• solves the problem in ${\displaystyle O(1)}$ expected number of rounds, in particular independent of ${\displaystyle n}$ and ${\displaystyle t}$, whereas classically a lower bound of ${\displaystyle \Omega \left({\sqrt {n/\log(n)}}\right)}$ is known (3), (6);
• tolerates ${\displaystyle t\leq n/3}$ (synchronous) or ${\displaystyle t\leq n/4}$ (asynchronous) Byzantine failures;
• reaches agreement (each player outputs the same bit) under the validity condition (the agreement value was proposed by at least one player) and is guaranteed to terminate eventually (infinite executions occur almost never - i.e. have probability measure zero).

The Quantum Oblivious Common Coin subroutine has a single parameter ${\displaystyle k}$ (used in the Verifiable Quantum Secret Sharing scheme), but it is unclear from the works (1), (3) how the parameter ${\displaystyle k}$ influences the guarantees of the protocol.

Also note that the fairness ${\displaystyle p}$ of the Quantum Oblivious Common Coin is not a parameter, but rather a result of the specific implementation of the protocol. The global Byzantine Agreement protocol can then tolerate up to ${\displaystyle t<\left\lfloor {pn}\right\rfloor }$ failures. The Quantum Oblivious Common Coin subroutine proposed by (3) has ${\displaystyle p>1/3}$ (synchronous case, ${\displaystyle p>1/4}$ asynchronous case).

## Protocol Description

This pseudocode is based on the reference (1).

#### Fast Byzantine Agreement

Input: Each player starts with an input bit ${\displaystyle b_{i}}$ and the number of players ${\displaystyle n}$ and a security parameter ${\displaystyle k}$.
Output: Each player outputs a bit ${\displaystyle d_{i}}$. With high probability, ${\displaystyle d_{i}=d}$ for all players ${\displaystyle i}$ (agreement) and some ${\displaystyle d\in \{b_{i}\}_{i}}$ (validity).

Protocol for each player ${\displaystyle i}$:

Repeat forever (until something is returned):

1. Subroutine ${\displaystyle P_{r}(b_{i})}$: (this flips the oblivious common coin if no 2/3 majority is reached)
1. Send ${\displaystyle b_{i}}$ to all other players ${\displaystyle j\neq i}$. Receive a bit ${\displaystyle b_{j}}$ from all other players;
2. Let ${\displaystyle x=\sum _{j}b_{j}}$. If ${\displaystyle x, then set ${\displaystyle b_{i}=0}$; elseif ${\displaystyle x>2n/3}$, then set ${\displaystyle b_{i}=1}$; else set ${\displaystyle b_{i}=QOCC(n,k)}$ end;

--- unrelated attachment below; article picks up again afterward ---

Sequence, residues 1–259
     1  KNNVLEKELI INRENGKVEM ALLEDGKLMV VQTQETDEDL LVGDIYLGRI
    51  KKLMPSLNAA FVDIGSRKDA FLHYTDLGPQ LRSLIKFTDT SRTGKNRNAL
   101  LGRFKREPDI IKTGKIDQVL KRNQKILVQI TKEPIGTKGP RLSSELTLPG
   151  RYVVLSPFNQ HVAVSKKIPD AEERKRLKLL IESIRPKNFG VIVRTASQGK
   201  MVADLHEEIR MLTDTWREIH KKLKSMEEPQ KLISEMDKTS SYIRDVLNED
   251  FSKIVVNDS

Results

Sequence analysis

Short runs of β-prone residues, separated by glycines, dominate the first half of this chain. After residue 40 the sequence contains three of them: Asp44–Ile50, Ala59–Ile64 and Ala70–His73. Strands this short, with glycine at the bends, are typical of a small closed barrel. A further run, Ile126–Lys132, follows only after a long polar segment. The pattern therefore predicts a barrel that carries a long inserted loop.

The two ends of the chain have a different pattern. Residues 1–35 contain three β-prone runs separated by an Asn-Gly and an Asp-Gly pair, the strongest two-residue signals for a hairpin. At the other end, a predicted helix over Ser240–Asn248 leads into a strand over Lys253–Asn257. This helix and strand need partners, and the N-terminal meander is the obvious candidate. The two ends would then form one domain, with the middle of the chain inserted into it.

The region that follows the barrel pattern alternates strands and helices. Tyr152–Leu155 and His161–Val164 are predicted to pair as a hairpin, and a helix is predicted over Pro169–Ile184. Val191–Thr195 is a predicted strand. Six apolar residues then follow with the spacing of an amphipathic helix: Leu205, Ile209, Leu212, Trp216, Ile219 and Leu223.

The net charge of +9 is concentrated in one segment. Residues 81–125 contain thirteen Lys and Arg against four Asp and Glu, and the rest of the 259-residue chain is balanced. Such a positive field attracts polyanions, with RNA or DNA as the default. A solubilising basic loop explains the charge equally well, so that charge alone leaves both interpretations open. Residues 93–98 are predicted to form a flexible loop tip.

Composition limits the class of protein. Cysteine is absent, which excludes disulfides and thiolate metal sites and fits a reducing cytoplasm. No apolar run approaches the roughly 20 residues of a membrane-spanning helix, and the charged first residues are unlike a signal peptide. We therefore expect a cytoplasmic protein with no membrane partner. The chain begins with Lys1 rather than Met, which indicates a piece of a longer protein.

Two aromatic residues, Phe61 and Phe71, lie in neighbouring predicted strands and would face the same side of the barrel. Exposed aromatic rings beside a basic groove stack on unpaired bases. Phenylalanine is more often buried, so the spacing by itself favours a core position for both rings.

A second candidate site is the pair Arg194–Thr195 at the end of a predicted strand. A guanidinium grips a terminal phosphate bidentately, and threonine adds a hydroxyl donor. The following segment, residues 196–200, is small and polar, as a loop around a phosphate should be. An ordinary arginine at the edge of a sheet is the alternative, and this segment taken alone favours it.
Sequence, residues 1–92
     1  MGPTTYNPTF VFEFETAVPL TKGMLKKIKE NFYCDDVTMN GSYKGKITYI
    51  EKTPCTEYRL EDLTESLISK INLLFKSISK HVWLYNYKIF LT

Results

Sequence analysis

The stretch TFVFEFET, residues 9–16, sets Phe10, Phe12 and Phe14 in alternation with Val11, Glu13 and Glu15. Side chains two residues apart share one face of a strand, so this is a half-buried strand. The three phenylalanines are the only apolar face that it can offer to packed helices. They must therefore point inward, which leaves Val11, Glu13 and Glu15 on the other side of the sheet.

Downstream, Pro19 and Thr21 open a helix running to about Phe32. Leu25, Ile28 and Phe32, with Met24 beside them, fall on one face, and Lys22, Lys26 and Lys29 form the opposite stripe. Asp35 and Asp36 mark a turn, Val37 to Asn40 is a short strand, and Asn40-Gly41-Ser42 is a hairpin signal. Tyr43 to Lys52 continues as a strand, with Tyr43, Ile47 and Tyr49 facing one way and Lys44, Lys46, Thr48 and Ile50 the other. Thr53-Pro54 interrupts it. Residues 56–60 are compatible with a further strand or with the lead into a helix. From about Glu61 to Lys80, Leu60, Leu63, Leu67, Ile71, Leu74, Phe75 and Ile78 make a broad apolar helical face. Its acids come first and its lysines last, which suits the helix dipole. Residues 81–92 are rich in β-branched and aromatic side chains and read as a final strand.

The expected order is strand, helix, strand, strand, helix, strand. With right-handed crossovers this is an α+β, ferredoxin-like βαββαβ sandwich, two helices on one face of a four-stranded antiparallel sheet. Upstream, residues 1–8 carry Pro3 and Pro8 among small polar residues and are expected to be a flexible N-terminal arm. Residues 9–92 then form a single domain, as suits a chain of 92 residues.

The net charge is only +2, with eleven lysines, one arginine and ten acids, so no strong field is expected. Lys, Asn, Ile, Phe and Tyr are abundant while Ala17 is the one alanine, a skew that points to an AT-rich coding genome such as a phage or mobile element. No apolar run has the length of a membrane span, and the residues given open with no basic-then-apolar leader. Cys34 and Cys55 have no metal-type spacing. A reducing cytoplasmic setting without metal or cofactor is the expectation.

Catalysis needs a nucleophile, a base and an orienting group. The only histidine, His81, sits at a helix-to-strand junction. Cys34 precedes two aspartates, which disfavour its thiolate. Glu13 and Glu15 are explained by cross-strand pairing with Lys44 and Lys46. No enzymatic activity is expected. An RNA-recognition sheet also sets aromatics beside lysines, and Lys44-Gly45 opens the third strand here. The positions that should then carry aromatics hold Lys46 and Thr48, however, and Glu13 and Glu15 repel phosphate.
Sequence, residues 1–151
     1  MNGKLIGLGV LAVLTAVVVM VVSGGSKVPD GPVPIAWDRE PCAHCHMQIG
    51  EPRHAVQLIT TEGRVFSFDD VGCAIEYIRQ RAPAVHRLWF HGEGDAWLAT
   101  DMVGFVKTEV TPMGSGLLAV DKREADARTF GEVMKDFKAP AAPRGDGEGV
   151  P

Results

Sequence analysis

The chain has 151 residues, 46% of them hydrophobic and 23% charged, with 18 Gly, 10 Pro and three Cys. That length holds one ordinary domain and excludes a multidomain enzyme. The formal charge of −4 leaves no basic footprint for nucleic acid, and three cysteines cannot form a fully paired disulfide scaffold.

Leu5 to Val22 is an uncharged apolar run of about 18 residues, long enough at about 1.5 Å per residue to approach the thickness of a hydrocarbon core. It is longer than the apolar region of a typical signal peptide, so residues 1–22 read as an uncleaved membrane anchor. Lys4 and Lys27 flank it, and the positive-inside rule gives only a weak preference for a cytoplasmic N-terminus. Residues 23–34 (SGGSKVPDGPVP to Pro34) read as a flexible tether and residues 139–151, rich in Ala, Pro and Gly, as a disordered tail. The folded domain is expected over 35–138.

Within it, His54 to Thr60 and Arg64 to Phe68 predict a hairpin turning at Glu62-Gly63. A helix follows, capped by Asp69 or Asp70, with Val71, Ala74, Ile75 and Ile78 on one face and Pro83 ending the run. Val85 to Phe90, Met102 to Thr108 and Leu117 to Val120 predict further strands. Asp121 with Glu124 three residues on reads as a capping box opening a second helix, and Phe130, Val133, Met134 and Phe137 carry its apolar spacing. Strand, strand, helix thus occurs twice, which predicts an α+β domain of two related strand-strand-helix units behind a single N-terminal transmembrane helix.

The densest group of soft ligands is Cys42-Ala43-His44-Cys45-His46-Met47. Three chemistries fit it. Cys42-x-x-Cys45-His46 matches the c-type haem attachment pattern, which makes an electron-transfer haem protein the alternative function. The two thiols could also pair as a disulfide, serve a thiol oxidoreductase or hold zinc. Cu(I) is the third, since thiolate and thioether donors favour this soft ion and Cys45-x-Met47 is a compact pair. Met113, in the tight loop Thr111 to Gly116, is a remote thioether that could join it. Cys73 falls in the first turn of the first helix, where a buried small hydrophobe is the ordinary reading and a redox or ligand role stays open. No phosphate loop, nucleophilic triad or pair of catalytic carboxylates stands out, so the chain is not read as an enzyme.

2. Subroutine ${\displaystyle P_{0}(b_{i})}$: (classical routine - biases towards 0 and finishes if 0 is the agreement value)
1. Send ${\displaystyle b_{i}}$ to all other players ${\displaystyle j\neq i}$. Receive a bit ${\displaystyle b_{j}}$ from all other players;
2. Let ${\displaystyle x=\sum _{j}b_{j}}$. If ${\displaystyle x, then return ${\displaystyle 0}$; elseif ${\displaystyle x>2n/3}$, then set ${\displaystyle b_{i}=1}$; else set ${\displaystyle b_{i}=0}$ end;
3. Subroutine ${\displaystyle P_{1}(b_{i})}$: (classical routine - biases towards 1 and finishes if 1 is the agreement value)
1. Send ${\displaystyle b_{i}}$ to all other players ${\displaystyle j\neq i}$. Receive a bit ${\displaystyle b_{j}}$ from all other players;
2. Let ${\displaystyle x=\sum _{j}b_{j}}$. If ${\displaystyle x, then set ${\displaystyle b_{i}=0}$; elseif ${\displaystyle x>2n/3}$, then return ${\displaystyle 1}$; else set ${\displaystyle b_{i}=1}$ end;

#### Quantum Oblivious Common Coin (QOCC)

Input: Each player starts with the number of players ${\displaystyle n}$ and a security parameter ${\displaystyle k}$.
Output: Each player outputs a random bit ${\displaystyle v_{i}}$. With at least probability ${\displaystyle p}$, ${\displaystyle v_{i}=x}$ for all ${\displaystyle i}$ and all ${\displaystyle x\in \{0,1\}.}$

Protocol for each player ${\displaystyle i}$:

1. Prepare state ${\displaystyle |{\psi }\rangle =\left(\sum _{i=1}^{n}|{i}\rangle \right)^{\otimes n}}$
2. Share and verify ${\displaystyle |{\psi }\rangle }$ with a VQSS scheme (with security parameter ${\displaystyle k}$). During the verification phase, use a (classical) gradecast scheme instead of a broadcast scheme (this change is named GradedQSV in (1)). Let ${\displaystyle FP}$ denote the set of players that were caught cheating as a dealer.
3. Measure each share of player ${\displaystyle j}$ to obtain a random integer ${\displaystyle s_{i,j}}$.
4. Use gradecast to share the numbers ${\displaystyle s_{i,j},j=1,...,n}$. Add the dishonest players in the gradecast scheme to ${\displaystyle FP}$. Receive ${\displaystyle s_{l,j}}$, from each player ${\displaystyle l=1,...,n,l\neq i}$.
5. if ${\displaystyle j\in FP}$ then set ${\displaystyle S_{j}=\perp }$ else set ${\displaystyle S_{j}=\sum _{l\notin FP}s_{lj}\mod n}$
6. if ${\displaystyle S_{j}=0}$ for some ${\displaystyle j}$, then return 0; else return 1.

## Further Information

• The protocol (3) is based on the classical protocol of (7), where the classical Oblivious Common Coin is replaced by a quantum version. This Quantum Oblivious Common Coin is based on the Verifiable Quantum Secret Sharing Scheme presented in (4).
• The classical protocol of (7) also runs in constant expected time, but can only deal with limited-information adversaries. This means that the adversaries can not read communication between honest parties and read their internal state.
• The classical lower bound in the full-information Byzantine failure model of ${\displaystyle \Omega \left({\sqrt {n/\log(n)}}\right)}$ is proven in (6).
• The work (3) also provides a protocol in a weaker failure model known as fail-stop failures. Here the nodes will crash and stop working indefinitely (stop responding). Another protocol in the same model is presented in (2).
• Another weakened version of the problem, known as detectable byzantine agreement, is solved with quantum resources in (5) (and following works). In detectable byzantine agreement, the protocol is also allowed to abort (upon detecting failures) instead of reaching agreement.

## References

*contributed by Bas Dirke